Parents' Guide to


By Brian Costello, Common Sense Media Reviewer

age 10+

Soccer-themed story has strong message, some iffy humor.

Movie PG 2014 106 minutes
Underdogs Poster Image

A Lot or a Little?

What you will—and won't—find in this movie.

Community Reviews

age 7+

Based on 3 parent reviews

age 2+


age 11+

Not really great for kids

The movie starts out with the premise that the story needs to be told as a motivation for a child to persevere. The fairy-tale nature aside, the actual plot of the movie is quite far-fetched, since the one positive character trait is overshadowed by players bickering, characters making decisions that seemingly make no sense, the antagonist's strange obsession with a soccer foosball table, a little mad scientist action, and a not-so-obvious to a young child visual bad-language pun. Along with that, the fact that it's apparently an international movie makes the speech abnormally fast-paced, so it's not entirely pleasant to feel like the movie is running at 1.5x speed. So, not the best when you would like a child to remain generally calm by the end of the film. And somehow by the end of the movie, the main character (father) seems to have dubiously convinced his son to arbitrarily "not quit", though providing no actual reward for the virtue of perseverance. Overall, it's not the worst movie, but I would recommend to anyone else to turn aside. It may be surface inspiring, but whatever positive message could have been is lost in the flimsy plot.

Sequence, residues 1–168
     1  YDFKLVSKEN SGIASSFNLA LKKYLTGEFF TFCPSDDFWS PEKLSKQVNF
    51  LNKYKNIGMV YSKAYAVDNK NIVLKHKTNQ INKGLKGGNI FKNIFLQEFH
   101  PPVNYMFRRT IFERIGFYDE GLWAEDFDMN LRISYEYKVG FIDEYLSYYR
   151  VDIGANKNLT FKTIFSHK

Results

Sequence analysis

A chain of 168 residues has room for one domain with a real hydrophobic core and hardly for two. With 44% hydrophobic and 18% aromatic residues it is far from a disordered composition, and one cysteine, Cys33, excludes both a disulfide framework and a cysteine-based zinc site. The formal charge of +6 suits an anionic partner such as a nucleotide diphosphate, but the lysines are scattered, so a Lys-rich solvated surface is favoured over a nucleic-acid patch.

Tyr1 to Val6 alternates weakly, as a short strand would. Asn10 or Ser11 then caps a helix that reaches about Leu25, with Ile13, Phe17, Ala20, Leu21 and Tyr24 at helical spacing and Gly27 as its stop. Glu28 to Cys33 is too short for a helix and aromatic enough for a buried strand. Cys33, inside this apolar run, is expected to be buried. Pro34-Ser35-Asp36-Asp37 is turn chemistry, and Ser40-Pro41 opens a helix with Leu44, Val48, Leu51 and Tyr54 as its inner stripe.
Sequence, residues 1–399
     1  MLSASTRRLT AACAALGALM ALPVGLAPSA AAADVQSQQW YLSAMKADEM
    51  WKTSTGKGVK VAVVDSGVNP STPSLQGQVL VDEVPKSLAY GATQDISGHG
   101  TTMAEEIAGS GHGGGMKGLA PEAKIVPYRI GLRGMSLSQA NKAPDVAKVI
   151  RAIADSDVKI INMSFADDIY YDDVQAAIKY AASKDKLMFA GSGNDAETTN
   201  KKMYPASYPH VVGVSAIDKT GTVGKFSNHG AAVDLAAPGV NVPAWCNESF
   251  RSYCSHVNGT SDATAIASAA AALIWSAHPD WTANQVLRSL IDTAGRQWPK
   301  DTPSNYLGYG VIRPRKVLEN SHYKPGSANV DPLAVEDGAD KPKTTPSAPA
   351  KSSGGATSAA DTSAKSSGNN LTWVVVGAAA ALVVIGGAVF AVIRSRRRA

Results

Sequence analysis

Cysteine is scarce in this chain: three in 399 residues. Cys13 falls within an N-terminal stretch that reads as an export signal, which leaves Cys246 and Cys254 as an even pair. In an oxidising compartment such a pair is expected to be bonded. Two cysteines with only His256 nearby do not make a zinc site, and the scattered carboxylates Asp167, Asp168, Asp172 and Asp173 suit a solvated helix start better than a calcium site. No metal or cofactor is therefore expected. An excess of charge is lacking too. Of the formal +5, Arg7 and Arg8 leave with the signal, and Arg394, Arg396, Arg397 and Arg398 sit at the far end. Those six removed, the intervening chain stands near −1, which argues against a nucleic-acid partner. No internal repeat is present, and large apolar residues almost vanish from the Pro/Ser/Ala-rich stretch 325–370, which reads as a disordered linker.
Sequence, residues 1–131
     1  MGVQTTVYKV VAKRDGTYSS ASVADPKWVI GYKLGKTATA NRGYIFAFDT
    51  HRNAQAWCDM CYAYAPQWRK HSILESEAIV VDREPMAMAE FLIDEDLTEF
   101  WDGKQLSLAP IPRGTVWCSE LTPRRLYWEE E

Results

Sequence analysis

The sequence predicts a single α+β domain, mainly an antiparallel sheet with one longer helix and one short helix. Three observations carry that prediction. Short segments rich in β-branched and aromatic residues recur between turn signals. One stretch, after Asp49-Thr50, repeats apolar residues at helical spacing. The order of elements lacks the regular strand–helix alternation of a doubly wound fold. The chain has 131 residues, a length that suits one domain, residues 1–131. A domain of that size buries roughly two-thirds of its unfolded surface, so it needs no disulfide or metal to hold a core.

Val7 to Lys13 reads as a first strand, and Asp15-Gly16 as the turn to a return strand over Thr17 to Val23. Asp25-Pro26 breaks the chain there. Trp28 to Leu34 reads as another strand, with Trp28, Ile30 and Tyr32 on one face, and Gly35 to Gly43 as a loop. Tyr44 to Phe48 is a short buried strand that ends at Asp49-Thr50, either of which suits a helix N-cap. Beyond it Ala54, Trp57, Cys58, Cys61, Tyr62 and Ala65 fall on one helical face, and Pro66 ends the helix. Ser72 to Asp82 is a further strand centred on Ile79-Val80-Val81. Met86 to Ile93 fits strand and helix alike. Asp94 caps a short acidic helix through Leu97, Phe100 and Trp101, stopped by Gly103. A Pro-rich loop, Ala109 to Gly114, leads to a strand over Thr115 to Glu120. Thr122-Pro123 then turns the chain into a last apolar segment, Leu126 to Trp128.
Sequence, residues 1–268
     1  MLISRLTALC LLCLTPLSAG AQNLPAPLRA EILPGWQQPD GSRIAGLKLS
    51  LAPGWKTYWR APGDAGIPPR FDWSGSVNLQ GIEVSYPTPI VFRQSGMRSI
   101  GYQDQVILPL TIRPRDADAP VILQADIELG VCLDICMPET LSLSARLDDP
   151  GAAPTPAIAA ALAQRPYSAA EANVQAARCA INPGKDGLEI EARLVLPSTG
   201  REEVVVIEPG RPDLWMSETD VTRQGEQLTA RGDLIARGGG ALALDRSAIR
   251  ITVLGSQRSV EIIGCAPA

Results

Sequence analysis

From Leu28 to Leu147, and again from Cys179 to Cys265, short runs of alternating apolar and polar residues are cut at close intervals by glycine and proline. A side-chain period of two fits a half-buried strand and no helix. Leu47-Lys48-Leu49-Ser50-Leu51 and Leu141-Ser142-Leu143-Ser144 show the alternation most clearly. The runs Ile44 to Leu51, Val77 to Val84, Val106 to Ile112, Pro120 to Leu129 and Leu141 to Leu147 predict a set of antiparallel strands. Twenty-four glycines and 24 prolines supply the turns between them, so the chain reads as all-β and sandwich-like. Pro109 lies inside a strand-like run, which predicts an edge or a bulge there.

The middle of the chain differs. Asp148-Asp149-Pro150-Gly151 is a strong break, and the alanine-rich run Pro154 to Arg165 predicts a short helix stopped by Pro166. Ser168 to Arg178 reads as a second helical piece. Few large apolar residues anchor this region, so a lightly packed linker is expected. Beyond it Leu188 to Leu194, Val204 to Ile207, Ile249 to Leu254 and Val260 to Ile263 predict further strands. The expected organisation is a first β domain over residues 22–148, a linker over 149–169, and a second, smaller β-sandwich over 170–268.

Is It Any Good?

Our review:
Parents say (3 ):
Kids say (5 ):

While it isn't a Pixar movie, this film does an entertaining take on the by-now familiar Pixar formula. Unlikely objects -- in this case, foosball players -- come to life and are voiced by known performers (in this case, John Leguizamo and Bobby Moynihan, among others) who provide comic relief by talking in exaggerated accents and dialects while a bigger message about not being a bully and being a good sport emerges. And like a Pixar movie, Underdogs has excellent animation, character voices that aren't cringe-worthy, and a ton of creativity.

While some of the iffy humor and cartoon pratfall violence make this a bit much for young kids, older kids and parents will find much to enjoy in the story, style, and humor. The sullen and silent teen character named "Emo" alone is worth repeated chuckles. Also, without spoiling anything, the movie's ending offers a creative twist on sports movie endings and does a nice job of tying in the movie's overall message.

Movie Details

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